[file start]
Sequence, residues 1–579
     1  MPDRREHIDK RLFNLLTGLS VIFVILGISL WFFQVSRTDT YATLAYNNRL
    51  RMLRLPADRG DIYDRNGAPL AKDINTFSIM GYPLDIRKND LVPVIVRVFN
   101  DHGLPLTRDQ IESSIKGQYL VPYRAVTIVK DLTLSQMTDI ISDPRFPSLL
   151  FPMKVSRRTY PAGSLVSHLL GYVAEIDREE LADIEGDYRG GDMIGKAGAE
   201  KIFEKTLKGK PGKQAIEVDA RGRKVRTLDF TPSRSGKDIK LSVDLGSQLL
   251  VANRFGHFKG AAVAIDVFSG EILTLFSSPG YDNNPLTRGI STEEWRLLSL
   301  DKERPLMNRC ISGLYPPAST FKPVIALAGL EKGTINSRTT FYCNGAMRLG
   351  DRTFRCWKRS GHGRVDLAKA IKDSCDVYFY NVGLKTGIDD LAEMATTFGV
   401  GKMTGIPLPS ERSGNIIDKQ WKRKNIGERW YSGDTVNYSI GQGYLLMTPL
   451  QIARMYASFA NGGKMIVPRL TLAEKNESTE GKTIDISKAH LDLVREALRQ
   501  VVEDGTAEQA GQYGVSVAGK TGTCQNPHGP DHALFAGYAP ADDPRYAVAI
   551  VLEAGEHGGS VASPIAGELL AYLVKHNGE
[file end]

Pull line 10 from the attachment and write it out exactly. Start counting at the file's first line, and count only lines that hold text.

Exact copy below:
   401  GKMTGIPLPS ERSGNIIDKQ WKRKNIGERW YSGDTVNYSI GQGYLLMTPL